a A few years ago, a group of my students told me they thought capitalism would solve the climate crisis. It was the end of the mandate and we had spent weeks discussing world politics; they were not uncritical or naïve. But as fires raged in homes and water flooded people’s stairways, with extreme weather driven by the climate crisis affecting countries around the world, they examined the global scale of the economic and political forces driving capitalism and they are asked if that could be our best luck. If the system had no choice but to be corrected in the face of planetary collapse. Adrienne Buller’s recent book, The Value of a Whale, it shatters any hopes they might have had. Green capitalism will not save us, he argues, if anything it is making the climate crisis worse.
Green capitalism may not be what you think it is. With much discussion of the dangers of climate denial and criticism of climate-conscious advertisements from oil and gas companies, Buller’s book points to a change we stand to miss. In the last decade, some capitalists have embraced green politics and not just for the sake of optics. Seeing the climate crisis as an unprecedented threat to capitalism, they do not want to disprove its existence, but to solve it. For example, read BlackRock CEO Larry Fink’s annual letter. Their approaches — “smart pricing, markets and financial products,” Buller writes — are now “driving much of the global response to the ecological crisis.” In reading Buller, therefore, my students’ optimism was at least partially founded: capitalists have realized the problem. But what to do with their solutions?
“The goal of the book is to try and get into the head of someone who would be considered a green capitalist,” he says from his living room when we talk about Zoom. Buller, director of research at the Common Wealth thinktank, found that his skepticism about this approach grew at his first job out of college. Working for an organization that has studied how business and finance affect the climate, he describes his previous role as “engaging investors in shareholder management and modeling how to align investment portfolios with the goal of 1.5° C”. The people she worked with were candid about their belief in sustainable investing, she says, but she wasn’t convinced.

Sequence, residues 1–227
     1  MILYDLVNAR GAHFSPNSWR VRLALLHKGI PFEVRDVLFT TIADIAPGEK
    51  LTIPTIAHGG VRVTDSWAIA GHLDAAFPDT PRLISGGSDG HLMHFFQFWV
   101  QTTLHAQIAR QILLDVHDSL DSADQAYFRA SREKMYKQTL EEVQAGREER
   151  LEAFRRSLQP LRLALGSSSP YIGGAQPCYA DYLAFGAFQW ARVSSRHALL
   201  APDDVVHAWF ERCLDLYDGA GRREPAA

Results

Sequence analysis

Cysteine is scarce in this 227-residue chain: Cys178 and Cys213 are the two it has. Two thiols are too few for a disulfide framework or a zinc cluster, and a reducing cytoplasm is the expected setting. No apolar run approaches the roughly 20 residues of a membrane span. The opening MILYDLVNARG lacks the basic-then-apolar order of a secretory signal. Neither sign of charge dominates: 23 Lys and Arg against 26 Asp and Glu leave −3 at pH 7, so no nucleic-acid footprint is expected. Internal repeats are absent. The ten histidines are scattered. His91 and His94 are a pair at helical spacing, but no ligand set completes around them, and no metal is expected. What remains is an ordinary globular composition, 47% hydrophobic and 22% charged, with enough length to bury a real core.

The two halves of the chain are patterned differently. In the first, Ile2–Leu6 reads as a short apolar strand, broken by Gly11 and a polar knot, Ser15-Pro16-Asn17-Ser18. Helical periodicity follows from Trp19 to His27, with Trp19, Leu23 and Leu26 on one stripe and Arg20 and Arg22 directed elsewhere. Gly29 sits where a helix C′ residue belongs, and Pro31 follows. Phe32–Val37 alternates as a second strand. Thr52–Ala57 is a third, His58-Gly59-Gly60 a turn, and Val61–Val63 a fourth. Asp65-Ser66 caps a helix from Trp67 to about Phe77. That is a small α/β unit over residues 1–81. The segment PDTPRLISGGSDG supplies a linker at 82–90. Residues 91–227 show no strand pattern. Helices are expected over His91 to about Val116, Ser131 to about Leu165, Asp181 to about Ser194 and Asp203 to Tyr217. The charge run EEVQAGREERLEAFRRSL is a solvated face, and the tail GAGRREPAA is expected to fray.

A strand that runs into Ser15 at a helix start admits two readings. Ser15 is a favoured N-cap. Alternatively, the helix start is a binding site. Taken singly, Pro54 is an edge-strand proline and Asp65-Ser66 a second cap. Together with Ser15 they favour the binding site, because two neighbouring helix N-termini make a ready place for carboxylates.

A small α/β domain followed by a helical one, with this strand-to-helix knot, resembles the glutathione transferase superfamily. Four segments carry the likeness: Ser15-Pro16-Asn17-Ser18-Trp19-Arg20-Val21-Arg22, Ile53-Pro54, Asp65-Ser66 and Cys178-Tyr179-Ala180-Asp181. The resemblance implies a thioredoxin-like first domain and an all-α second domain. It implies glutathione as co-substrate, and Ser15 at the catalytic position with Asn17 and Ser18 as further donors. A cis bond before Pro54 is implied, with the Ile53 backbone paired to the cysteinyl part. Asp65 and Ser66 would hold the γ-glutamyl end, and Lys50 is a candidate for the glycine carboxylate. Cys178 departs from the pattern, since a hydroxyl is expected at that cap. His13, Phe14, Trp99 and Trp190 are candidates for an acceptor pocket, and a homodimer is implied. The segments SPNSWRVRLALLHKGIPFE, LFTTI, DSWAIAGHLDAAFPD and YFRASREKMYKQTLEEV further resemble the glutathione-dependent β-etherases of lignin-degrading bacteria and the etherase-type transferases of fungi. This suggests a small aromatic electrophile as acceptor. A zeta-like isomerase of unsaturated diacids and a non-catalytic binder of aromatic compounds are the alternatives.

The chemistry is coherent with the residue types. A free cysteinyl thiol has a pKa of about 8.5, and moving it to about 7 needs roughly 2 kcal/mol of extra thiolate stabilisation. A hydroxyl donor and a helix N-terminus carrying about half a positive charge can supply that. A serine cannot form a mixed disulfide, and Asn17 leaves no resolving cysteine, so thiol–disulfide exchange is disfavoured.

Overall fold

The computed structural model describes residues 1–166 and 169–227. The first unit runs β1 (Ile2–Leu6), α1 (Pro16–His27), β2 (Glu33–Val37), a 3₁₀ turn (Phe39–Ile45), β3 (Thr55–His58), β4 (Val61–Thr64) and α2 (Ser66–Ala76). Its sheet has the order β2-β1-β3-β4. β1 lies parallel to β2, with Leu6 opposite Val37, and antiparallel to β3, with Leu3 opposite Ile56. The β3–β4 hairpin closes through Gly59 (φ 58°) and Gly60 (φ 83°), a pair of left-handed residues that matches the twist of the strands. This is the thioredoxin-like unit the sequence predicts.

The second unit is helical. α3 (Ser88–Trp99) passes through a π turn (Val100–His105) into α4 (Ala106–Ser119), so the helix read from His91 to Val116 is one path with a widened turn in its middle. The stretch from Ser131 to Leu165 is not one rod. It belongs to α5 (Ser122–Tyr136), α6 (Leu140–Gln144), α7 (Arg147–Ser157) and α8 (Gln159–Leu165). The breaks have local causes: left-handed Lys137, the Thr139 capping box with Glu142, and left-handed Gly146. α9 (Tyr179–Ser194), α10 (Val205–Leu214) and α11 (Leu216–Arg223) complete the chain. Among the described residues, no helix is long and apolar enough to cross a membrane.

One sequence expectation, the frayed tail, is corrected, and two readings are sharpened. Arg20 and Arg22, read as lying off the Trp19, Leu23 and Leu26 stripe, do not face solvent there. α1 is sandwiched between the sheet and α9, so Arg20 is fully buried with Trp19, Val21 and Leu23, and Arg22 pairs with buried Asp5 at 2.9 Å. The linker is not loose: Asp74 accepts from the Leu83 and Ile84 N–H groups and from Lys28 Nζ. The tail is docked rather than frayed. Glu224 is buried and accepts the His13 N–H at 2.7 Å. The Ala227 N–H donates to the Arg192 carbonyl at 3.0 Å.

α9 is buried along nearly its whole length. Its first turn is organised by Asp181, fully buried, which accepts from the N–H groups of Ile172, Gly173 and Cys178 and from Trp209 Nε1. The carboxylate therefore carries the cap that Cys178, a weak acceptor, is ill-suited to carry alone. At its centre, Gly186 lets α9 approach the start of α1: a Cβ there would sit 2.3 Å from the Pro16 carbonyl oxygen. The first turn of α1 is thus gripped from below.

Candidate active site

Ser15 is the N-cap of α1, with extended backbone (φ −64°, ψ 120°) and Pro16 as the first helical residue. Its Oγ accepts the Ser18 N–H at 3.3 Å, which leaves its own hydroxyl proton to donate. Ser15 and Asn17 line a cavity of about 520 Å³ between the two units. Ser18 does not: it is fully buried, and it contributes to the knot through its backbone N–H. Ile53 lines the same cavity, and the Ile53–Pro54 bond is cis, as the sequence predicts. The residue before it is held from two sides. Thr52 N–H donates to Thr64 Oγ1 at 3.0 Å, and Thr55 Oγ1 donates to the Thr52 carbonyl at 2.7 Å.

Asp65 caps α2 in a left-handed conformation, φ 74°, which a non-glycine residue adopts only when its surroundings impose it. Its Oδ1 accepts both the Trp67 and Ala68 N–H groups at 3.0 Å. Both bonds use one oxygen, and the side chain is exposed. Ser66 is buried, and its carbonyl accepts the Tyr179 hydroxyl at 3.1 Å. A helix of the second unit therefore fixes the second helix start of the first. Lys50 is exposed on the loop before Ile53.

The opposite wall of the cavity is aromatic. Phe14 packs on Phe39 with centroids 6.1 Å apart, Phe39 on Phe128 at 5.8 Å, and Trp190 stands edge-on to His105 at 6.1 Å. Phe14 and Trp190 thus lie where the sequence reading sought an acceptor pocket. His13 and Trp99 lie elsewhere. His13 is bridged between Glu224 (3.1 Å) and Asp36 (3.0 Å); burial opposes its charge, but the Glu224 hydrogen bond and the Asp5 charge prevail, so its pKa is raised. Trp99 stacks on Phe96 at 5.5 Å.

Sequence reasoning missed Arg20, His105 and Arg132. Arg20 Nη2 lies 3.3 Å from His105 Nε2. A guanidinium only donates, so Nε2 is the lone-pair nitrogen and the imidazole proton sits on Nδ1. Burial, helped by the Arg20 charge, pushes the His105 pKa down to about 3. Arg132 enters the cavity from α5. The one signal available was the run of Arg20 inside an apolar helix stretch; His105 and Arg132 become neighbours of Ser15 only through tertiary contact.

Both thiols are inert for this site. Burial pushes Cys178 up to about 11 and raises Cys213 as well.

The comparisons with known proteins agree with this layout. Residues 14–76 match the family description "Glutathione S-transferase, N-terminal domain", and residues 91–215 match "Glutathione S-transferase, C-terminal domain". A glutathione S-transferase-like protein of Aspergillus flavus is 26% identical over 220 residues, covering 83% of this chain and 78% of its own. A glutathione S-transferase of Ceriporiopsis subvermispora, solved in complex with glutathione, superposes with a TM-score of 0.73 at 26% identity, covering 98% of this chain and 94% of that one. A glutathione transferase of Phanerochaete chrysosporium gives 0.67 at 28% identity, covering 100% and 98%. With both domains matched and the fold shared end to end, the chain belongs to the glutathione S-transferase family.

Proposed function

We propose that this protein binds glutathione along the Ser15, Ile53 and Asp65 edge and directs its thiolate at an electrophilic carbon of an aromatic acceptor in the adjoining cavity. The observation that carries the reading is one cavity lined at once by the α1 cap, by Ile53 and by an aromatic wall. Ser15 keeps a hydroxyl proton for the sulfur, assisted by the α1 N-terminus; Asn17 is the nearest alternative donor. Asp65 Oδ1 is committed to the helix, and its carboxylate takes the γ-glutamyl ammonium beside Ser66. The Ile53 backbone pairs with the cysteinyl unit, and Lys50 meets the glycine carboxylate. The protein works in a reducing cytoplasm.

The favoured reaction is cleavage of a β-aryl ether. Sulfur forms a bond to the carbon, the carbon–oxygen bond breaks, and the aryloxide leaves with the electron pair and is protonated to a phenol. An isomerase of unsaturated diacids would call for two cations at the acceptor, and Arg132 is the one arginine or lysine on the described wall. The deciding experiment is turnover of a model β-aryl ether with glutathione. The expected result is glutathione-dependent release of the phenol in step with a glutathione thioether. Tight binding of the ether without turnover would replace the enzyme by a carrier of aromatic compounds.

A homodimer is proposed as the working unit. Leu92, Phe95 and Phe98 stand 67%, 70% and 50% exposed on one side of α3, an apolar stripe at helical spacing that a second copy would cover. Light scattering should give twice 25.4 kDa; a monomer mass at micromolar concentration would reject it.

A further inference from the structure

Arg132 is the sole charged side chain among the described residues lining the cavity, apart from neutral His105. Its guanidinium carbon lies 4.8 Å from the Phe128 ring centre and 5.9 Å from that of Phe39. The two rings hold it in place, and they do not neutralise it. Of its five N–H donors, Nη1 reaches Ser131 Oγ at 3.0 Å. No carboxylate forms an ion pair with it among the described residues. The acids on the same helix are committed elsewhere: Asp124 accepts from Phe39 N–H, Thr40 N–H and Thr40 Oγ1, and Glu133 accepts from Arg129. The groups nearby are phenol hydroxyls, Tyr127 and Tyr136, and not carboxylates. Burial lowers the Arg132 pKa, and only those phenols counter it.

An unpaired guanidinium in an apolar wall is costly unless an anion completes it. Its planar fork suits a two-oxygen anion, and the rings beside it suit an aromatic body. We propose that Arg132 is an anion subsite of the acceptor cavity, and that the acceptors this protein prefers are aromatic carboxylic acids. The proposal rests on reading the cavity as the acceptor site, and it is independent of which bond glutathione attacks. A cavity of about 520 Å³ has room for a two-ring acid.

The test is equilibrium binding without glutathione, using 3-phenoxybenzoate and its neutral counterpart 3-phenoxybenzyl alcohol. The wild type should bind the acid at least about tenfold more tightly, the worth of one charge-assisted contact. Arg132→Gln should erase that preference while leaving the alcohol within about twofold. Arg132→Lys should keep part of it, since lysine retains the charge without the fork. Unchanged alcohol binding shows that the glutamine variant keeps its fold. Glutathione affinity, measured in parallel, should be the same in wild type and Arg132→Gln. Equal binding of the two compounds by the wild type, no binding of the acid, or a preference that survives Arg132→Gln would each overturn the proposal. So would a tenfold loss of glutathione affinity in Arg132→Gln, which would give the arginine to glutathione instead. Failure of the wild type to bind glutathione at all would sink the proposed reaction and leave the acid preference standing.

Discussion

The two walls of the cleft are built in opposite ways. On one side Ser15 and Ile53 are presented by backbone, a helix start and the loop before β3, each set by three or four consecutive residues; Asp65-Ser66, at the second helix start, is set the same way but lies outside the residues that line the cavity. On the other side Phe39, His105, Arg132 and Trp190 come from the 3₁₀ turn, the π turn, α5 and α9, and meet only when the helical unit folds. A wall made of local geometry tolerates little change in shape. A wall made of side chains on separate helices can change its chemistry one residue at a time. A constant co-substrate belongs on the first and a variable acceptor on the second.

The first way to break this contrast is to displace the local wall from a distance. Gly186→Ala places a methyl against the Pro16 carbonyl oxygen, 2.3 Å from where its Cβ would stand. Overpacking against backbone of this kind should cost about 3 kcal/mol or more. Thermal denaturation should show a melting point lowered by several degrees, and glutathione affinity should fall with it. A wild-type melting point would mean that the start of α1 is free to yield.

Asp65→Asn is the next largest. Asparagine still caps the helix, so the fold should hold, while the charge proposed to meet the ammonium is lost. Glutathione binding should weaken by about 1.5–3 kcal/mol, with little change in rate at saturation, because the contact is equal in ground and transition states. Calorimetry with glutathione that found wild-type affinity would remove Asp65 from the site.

This, plus her desire to “radicalize” people like her mother — someone who “cares about the climate crisis, cares about my future, is interested in politics, but isn’t an expert” — led to The Value of a Whale . Assessing the merits of green capitalism policies on their own terms, Buller separates them to see if they pass the “basic tests”: Do they work now? Will they ever? Will they create injustice in the process?
This is where the whale comes into play. Buller has a special affinity for these hulking but slender creatures: growing up, he saw them in the wild near his hometown of Vancouver, Canada. In 2019, IMF researchers set out to calculate the value of a whale. Adding up the number of ecotourists whales attract to different countries, plus the animals’ ability to store carbon, they came to $2 million for each large whale. Monetizing them was essentially green capitalism; “squeezing the climate and biodiversity crisis through the lens of neoclassical economics,” Buller writes. Here, the climate crisis is both a threat and an opportunity.
Referencing Overheated by journalist Kate Aronoff and academic John Bellamy Foster as influences (Kohei Saito’s book Capital in the Anthropocene, soon to be released in English, discusses similar themes), Buller’s book generated a lot of interest when it was published in July, including in the financial and corporate sector. “My LinkedIn ads have been out of hand,” he says with a smile. His appeal may lie in the way he methodically examines the “fatal flaws” in the different approaches of green capitalists.